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Replies: 16   Last Post: Jul 30, 2012 10:57 PM

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Clyde Greeno

Posts: 68
Registered: 5/21/10
Posted: Jul 28, 2012 3:19 AM
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Thanks, Paul ....
for surfacing what "the math wars" really are all about ... beneath the
superficialities of scholastic "standards" and "scores", etc.

Mankind's survival ("salvation", if you prefer) ... and the socio-economic
health of nations, communities, families, and individuals ... depends on
improvement of personal abilities to think ... rationally, creatively,
analytically, and humanely. Genuine education in genuine mathematics (Vs.
mere data-processing) develops that kind of thinking power. But most of
American core-curricular instruction in "mathematics" actually suppresses
that kind of thinking.

Although living within, and functioning within, "communities" requires
co-operation within the communities' parameters (laws, mores, traditions,
etc.), the righteousness of those parameters always is subject to
reexamination, debate, and updating. Blind subservience to "authority" is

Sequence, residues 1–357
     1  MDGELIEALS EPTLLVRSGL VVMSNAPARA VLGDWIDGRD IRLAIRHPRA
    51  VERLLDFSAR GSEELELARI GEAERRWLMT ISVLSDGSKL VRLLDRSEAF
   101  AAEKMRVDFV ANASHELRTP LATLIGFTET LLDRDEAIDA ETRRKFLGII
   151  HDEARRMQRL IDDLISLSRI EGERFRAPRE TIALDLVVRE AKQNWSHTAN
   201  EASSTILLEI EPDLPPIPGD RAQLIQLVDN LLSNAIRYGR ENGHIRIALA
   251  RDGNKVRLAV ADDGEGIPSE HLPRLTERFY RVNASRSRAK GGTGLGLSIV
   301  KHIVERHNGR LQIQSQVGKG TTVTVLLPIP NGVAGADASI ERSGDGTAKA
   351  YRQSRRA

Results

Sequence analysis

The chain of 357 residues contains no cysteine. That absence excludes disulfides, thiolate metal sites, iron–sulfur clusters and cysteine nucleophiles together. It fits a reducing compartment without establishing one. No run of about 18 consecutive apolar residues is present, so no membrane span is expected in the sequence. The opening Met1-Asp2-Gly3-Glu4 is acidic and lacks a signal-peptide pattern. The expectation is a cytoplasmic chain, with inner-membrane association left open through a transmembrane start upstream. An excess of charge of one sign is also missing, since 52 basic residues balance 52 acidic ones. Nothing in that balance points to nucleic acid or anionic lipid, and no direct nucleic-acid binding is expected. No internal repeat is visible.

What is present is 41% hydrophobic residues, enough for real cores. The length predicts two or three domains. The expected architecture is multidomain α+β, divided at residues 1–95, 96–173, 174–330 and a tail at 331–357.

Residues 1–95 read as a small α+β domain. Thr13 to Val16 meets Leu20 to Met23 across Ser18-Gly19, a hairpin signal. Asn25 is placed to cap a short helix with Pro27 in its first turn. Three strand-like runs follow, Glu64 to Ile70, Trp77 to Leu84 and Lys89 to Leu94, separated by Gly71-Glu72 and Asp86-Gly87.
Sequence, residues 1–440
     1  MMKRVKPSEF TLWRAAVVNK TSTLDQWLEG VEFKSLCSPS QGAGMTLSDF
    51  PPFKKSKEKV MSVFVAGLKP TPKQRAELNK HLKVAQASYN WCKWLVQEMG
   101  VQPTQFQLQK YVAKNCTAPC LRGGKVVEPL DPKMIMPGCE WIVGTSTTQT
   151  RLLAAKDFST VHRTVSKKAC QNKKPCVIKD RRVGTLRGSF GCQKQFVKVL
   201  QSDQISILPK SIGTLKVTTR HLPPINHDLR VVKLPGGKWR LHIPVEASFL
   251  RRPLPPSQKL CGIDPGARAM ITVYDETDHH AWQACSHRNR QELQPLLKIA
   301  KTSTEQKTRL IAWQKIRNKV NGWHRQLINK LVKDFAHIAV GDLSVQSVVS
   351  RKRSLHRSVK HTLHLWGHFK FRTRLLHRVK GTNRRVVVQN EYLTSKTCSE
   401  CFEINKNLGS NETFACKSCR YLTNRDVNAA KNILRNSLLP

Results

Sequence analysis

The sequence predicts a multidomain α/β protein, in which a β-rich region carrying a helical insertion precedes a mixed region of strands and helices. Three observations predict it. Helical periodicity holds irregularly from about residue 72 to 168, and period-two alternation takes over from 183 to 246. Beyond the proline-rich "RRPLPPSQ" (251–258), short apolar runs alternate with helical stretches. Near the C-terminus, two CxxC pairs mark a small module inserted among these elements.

as detrimental to a democracy -- and to its system of education --- as it is
to personal mental health.

Underlying the American tradition of "direct" instruction in mathematics
has been the pervasive theme of *authority* instruction ... "It is so,
because the books and I say so ... and your grade depends on your
performing, accordingly." The instructional "authorities" commonly know far
too little about curricular mathematics, and even less about genuine
education in that area. In truth, good direct instruction can impart
rational learning ... but in practice, most practices of direct instruction
rely on blind subservience.

The "math wars" conflict is not truly over direct Vs. indirect instruction.
It actually is about whether mathematics should be learned, rationally, or
through the dictates of "authorities" ... who might have written math
"bibles" or who just teach their own interpretations of such "bibles." Good
education in good mathematics, while humanistic, is not anti-theistic. But
like democracy, it is antithetical to blind faith and subservience.